Professor Christopher Carter

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Professor Carter holds the chair in strategy at the Business School, having joined in September 2011 from the University of St Andrews. He is committed to understanding strategy as a cultural, organisational
and political phenomenon.

Books and recent research

Professor Carter is the co-author of ‘Strategy: Theory and Practice’, published in 2011. A reviewer from Alberta Business School comments: ‘It demonstrates an awareness that firms compete not only in the material world for hard resources but also in the political world for power.’

He is also the co-author of ‘A Very Short, Fairly Interesting and Reasonably Cheap Book about Studying Strategy’. The book lives up to its title insofar as it is certainly short and interesting. Paperback versions are available at the price of £13.99 from Amazon (perhaps ‘reasonably cheap’ compared to the £36.99 for his more recent book!).

Trends in the accountancy profession

The rise of user review websites like TripAdvisor is intriguing to Professor Carter, who sees it as providing glimpses of the future for the accountancy profession. Given the spate of audit failures he argues that user review sites offered a fascinating vista into new forms of accountability. While it is clear what audit looked like in the 20th Century, it is very much in a state of reformulation in the 21st. In the future, the clients of accountants may feel they can ‘get the truth’ through user reviews of companies on the web. This will make them less willing to pay a premium for expert labour, which could force major changes in the accountancy profession.

A further research project concerns the globalisation of the Big Four accounting firms with specific reference to the process of becoming a partner and what being a partner entails.

Strategy, organisations and society

Professor Carter has written about the ‘fallacies of strategic planning’ which include: the gap between managerial fantasy and organisational capabilities; the gap between planning and implementing; and
the gap between clearly-stated goals and unpredictable futures. More generally, he views strategy as more than a set of neutral techniques and regards them as centrally concerned with issues of power and politics.

With this in mind he is currently researching the strategic changes that took place in the BBC in the 1990s during the John Birt years. Other important research interests include studying campaigns and in particular how some groups get issues on to the media agenda. Professor Carter believes that strategy is one of the dominant themes of modern times and a strategy academic’s job is to try and understand its formation and its consequences. He believes strongly that strategy research should be engaging with the major issues faced by humanity such as the financial crisis, climate change and global poverty.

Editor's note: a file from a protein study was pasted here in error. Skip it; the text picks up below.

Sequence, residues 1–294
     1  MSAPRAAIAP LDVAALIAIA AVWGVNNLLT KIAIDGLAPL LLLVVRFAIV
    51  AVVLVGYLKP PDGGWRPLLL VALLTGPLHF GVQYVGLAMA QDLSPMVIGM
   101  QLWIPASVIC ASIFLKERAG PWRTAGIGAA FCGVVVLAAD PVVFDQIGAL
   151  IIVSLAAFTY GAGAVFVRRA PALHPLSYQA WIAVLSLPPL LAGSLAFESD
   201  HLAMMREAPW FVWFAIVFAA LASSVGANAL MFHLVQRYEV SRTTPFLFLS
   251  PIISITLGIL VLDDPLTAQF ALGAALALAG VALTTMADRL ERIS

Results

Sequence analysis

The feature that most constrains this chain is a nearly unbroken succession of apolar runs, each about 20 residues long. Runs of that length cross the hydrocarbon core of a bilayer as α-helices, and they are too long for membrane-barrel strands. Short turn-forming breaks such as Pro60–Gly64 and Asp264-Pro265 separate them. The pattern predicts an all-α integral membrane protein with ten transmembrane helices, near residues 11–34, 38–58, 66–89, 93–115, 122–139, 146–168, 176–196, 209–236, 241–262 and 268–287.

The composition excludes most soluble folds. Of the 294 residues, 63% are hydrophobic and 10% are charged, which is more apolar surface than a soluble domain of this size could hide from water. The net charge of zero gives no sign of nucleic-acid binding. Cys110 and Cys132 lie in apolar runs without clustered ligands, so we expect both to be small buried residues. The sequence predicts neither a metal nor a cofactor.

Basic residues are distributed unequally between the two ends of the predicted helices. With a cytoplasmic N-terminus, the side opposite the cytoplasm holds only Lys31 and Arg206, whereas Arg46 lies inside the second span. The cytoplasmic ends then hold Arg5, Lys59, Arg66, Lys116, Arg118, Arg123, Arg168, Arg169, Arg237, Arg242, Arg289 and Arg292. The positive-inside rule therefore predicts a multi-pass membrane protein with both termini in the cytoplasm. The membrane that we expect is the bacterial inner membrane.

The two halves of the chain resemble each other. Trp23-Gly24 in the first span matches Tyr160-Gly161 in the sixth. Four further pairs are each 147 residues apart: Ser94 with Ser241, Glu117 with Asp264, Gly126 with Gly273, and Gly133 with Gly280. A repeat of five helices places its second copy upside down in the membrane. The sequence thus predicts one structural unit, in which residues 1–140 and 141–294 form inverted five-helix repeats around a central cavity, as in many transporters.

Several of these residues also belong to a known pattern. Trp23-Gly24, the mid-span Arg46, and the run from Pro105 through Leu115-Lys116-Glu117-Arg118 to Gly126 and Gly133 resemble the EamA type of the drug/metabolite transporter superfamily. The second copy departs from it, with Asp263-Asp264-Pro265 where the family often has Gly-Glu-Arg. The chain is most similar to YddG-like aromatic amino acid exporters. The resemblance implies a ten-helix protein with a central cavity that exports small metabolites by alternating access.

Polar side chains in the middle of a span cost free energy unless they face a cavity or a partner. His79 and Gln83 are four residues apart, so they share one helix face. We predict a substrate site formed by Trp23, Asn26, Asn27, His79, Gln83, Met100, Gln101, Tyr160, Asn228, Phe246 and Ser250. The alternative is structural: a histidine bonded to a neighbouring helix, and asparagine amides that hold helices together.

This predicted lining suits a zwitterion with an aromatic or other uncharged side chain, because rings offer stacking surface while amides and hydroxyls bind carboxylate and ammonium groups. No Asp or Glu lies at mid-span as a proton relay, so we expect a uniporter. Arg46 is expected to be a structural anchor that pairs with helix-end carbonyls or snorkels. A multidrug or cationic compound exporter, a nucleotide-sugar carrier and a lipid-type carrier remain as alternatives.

One of the hard lessons that need to be drawn from the financial crisis is there needs to be much more critical interrogation of strategy by organisations and civil society alike, says Professor Carter. Perhaps such scrutiny would have saved some of the banks from the hubris and failure that followed. More generally, civil society needs to be equipped to debate, question and comment on the strategies followed by organisations.

Professor Carter holds the chair in strategy at the Business School, having joined in September 2011 from the University of St Andrews. He is committed to understanding strategy as a cultural, organisational
and political phenomenon.

Q&A

How will you be engaging with aspiring business leaders to help them gain an understanding of the language and practice of strategy?

We have a series of events planned at the Business School that will bring ‘academic strategy’ to interested stakeholders and, equally, their experiences to us. In the Business School we need both. Engagement with the public about strategy will be central to the study and research of academic strategy in Newcastle. Within days of taking up my chair, I will be addressing the conference of the British Academy of Management on a ‘Strategy, History, and Politics’ topic, together with Professor Alan McKinlay. This is part of a broader project where we will be engaging with the BBC to tell the story of the changes they have been through in the last three decades. I welcome opportunities like these to engage with the broader business community.

You have written that a strategy of ‘do as before, but more’ can be fatal. In what ways do you think that the Business School is breaking new ground?

Traditionally business schools have organised themselves along purely functional lines – as if they were mimicking a 1960s multi-divisional American corporation. Of course, at one time that seemed to make sense. Now it does not. What is refreshing about the Business School is its willingness to challenge
orthodoxy and the established way of doing things. It offers fresh perspectives on organisational problems – ranging from innovation and entrepreneurship through to human resources and corporate social responsibility. The Business School is the perfect platform for building an exciting group.

published on: 6th December 2011